01/02/2010. Contributed by Gareth D Jones
bi-monthly magazine: UK publisher/editor address: Andy Cox, TTA Press, 5 Martins Lane, Witcham, Ely, Cambridgeshire CB6 2LB. Price: £ 3.75 (UK) $ 7.00(US). ISSN: 0264-3596.
check out website: www.ttapress.com
Issue #226 of 'Interzone' presents the opportunity to vote for the favourite stories of last year. As if to remind you, three of last year's well-known contributors are back for this issue. It's another varied collection of Science Fiction and fantastical tales.
'Into The Depths Of Illuminated Seas' by Jason Sanford tells the story of a young woman whose skin bears the names of sailors doomed to perish at sea. The reason for this is not as important as the struggle she has against fear and prejudice in the small fishing town where she lives. Jason Sanford creates a rich background of an historical setting woven together with superstition and the unexplained to make an intriguing story.
After London is destroyed by a nuclear blast, the 'Hibakusha' are the only inhabitants left in Tyler Keevil's grim but moving story of the same name. One survivor joins a group of volunteers returning to clean up the city, determined to find his love's remains. It's a convincing description of the post-apocalyptic landscape and the scars both physical and emotional that are left behind.
The setting is the moon Triton for 'In The Harsh Glow Of Its Incandescent Beauty' by Mercurio D Rivera. Travelling across the solar system, a researcher attempts to track down his kidnapped wife in this realistically-rendered image of human colonisation. The alien Wergens provide an intriguing backdrop and some light relief along the way, balancing the story nicely between drama and humour.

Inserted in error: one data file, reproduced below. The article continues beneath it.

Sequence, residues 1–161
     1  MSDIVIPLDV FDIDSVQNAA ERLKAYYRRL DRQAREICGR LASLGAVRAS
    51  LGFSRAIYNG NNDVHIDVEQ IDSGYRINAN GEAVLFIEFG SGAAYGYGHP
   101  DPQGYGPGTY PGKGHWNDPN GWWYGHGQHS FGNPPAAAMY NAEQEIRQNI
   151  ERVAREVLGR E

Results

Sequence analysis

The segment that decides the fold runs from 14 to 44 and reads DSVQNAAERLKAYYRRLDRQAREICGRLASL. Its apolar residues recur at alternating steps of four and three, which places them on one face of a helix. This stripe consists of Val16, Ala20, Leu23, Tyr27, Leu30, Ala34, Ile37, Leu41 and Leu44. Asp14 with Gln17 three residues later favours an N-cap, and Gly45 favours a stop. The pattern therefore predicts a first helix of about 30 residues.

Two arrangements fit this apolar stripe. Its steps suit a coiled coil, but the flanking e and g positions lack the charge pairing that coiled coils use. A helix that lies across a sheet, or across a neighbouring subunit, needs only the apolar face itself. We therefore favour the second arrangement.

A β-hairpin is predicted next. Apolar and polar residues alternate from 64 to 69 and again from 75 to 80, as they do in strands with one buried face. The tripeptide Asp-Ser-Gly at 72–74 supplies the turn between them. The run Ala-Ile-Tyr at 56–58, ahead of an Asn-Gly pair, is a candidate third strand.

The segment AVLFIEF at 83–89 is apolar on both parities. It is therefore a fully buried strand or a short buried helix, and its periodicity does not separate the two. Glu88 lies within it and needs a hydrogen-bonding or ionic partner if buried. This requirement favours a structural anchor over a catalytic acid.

Jay Lake's 'Human Error' is another picture of the gritty reality of the future of solar civilisation. A small group of asteroid miners battle against isolation, corruption and stress as well as the physical dangers of their environment. As with the best 'hard SF' stories, the realistic setting is merely a backdrop for the unfolding drama.
'Again And Again And Again' by Rachel Swirsky is unusual in that it's told from an omnipotent viewpoint. The shortness of the story means that it works well, briefly telling the story of changing fashions and attitudes through generations of one family. There are some neat little ideas strung together to make an enjoyable short.
We travel to the planet 'Aquestria' in Stephen Gaskell's far-future tale of colonisation. Man takes mistrust, sectarianism and violence with him even to this new world where environmental catastrophe fails to bring peace. The interaction between the characters adds to the unfolding drama and leads to an absorbing tale.
There is the usual selection of reviews and columns to go with the fiction, adding up to an enjoyable issue as usual. I'm looking forward to seeing what shot fiction this year brings.
Gareth D. Jones
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